* * *

A tweet of mine from a month ago: Trying to think of a writer who attempts to figure things out, in real time, on the page. Looked up on my shelves and there was Joan Didion.

* * *

Of course, most writers think on the page in some form. But it’s the “in real time” thing I’m interested in. I’m looking for writers who try to figure things out as they go. Who make leaps and repetitions and omissions on the page. Who help us, as readers, feel we’ve climbed off the page and right into their brains.

* * *

How does Joan Didion do it? I listen (for the third time?) to the audio version of Blue Nights and make notes when I catch Didion thinking. I read The Year of Magical Thinking for a second time and add to my marginalia.

* * *

From my journal: Her use of repetition. The tattoo showing through the veil. The cake from Payard. How we understand what she can’t move past.

Also, the leaps. 

* * *

I am trying to figure out how writers show they’re figuring something out. I see the irony in this. The layers. I think about the film Inception.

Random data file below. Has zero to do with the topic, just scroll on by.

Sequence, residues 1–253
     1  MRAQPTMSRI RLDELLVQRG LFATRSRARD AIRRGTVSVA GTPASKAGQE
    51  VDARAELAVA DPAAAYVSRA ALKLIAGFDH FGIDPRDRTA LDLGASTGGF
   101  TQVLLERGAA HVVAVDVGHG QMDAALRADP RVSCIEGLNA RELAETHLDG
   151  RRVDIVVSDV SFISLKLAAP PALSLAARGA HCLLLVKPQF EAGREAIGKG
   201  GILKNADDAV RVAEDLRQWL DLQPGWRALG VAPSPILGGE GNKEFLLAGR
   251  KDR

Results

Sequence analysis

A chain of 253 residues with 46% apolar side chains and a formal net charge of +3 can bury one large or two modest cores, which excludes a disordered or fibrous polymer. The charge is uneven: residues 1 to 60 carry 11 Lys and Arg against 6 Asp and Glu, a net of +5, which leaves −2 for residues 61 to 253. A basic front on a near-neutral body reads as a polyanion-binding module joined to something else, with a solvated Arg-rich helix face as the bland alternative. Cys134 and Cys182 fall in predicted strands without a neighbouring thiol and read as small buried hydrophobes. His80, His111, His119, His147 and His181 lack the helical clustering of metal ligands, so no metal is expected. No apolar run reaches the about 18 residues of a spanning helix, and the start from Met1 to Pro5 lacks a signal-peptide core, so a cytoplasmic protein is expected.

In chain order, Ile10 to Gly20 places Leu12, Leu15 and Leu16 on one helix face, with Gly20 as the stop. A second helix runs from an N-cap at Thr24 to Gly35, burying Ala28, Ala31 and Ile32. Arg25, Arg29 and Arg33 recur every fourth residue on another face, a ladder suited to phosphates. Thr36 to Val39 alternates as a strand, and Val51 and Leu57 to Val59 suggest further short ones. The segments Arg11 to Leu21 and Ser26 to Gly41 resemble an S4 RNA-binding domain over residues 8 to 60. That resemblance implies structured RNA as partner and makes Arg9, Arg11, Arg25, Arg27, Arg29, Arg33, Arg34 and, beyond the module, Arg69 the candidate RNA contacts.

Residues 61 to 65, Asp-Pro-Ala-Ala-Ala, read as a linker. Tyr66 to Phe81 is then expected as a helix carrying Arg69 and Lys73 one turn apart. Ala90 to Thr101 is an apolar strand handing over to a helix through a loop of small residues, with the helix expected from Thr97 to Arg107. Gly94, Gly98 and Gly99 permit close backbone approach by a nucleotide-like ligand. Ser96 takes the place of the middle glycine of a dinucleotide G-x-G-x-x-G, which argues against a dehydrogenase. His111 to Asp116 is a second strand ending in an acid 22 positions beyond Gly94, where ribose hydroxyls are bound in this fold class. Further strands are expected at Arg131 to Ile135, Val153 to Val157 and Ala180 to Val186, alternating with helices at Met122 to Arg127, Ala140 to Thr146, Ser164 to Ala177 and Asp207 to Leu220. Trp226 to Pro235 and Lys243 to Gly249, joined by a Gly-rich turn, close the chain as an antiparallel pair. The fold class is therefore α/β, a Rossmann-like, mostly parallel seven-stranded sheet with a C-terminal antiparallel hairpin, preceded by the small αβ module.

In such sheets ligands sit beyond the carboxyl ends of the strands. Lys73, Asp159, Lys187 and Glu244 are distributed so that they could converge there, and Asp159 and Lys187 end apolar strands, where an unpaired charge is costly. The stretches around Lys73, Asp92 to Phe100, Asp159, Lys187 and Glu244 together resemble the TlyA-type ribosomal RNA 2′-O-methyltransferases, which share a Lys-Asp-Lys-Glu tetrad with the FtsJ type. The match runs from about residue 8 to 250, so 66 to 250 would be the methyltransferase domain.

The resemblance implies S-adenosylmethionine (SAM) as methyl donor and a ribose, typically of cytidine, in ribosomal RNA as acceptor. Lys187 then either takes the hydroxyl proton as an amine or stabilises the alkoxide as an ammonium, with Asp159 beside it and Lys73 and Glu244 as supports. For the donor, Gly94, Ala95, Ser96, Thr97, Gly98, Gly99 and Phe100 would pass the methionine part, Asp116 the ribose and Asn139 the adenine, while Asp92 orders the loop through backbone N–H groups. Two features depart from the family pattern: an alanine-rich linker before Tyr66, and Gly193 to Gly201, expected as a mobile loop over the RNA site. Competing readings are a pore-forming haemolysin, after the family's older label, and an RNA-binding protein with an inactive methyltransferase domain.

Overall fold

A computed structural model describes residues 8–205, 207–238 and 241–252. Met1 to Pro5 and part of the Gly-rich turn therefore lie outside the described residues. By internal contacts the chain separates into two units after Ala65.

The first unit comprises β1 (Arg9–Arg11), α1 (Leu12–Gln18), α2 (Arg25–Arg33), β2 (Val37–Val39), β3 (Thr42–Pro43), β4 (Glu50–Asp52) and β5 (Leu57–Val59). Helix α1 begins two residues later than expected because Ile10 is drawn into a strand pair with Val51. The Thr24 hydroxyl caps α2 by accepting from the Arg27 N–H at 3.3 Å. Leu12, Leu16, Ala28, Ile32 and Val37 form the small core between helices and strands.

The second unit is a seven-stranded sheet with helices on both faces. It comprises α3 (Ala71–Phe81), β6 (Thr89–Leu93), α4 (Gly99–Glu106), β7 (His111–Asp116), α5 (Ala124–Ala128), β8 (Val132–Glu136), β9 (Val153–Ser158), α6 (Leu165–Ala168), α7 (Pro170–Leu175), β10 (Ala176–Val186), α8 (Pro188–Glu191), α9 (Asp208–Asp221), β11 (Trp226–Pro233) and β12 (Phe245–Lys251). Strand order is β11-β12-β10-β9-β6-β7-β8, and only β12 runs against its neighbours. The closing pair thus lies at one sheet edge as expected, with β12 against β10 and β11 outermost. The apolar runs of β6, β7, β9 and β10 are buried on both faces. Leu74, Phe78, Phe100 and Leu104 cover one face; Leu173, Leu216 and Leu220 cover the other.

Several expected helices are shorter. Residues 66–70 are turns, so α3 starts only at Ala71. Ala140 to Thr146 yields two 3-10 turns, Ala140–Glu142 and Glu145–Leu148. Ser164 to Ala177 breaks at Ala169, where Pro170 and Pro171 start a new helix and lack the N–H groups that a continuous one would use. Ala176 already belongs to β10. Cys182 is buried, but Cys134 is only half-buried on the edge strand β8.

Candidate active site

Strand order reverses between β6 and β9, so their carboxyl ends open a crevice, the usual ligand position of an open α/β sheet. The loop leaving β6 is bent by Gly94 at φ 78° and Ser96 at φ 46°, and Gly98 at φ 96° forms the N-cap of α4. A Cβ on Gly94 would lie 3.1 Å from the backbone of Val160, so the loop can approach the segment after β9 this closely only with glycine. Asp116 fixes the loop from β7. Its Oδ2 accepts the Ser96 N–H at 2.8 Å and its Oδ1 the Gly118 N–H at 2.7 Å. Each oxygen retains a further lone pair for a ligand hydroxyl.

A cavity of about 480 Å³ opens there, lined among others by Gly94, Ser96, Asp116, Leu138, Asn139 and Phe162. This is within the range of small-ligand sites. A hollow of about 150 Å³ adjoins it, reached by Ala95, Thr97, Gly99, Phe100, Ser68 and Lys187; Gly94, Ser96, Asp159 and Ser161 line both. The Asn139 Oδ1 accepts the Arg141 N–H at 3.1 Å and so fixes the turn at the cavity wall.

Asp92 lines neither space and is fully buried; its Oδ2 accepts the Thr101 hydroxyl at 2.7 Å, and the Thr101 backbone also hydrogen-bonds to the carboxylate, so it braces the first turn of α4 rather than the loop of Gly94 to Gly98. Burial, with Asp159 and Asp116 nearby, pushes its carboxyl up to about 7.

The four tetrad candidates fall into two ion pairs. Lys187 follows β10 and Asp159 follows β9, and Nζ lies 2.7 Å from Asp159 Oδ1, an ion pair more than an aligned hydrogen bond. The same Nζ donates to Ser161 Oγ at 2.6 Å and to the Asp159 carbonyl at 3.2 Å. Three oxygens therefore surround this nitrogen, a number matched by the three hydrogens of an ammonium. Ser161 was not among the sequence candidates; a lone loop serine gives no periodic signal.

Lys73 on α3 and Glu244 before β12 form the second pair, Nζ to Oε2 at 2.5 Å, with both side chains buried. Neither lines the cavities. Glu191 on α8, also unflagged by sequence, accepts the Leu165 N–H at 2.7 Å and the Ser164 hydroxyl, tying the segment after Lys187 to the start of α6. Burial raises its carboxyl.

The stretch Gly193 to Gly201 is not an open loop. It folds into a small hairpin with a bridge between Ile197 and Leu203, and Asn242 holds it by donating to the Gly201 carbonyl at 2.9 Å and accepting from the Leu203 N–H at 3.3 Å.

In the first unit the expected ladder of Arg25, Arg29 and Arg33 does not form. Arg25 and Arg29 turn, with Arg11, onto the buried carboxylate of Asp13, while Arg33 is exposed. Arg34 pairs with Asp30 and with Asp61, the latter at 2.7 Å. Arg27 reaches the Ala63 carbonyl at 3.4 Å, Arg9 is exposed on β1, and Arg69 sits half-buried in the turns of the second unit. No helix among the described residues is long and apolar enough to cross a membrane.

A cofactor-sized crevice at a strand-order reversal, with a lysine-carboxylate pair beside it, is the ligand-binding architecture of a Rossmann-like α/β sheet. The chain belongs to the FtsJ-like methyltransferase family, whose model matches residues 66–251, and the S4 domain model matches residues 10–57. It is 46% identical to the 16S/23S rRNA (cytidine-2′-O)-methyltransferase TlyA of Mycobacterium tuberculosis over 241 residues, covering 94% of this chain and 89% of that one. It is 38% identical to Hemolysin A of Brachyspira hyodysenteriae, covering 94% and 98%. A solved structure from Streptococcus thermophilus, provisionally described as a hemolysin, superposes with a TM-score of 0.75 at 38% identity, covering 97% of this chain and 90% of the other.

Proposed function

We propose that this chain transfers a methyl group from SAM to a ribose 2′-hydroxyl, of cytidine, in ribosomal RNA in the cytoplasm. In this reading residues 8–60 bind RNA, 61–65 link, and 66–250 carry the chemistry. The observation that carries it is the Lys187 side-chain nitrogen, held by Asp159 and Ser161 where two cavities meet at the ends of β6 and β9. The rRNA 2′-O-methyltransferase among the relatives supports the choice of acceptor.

* **

Apparently Christopher Nolan is also an INTJ.

* * *

Earlier this year I wrote a draft of the first two chapters of my memoir. Each chapter about a year of our homeschooling life, each evolving chronologically. This happened, then that happened. The chapters seem amateur to me, but given that I’m an amateur, I can’t figure out why.

* * *

What we learn from all Didion “failed to recognize.”

* * *

I find Lori Jakiela via her essay sort-of-about scorpions on Full Grown People. The essay is written in fragments and is smart and funny. I try to find Jakiela’s adoption memoir, Belief Is its own Kind of Truth, Maybe and even Link+ lets me down. I order it online.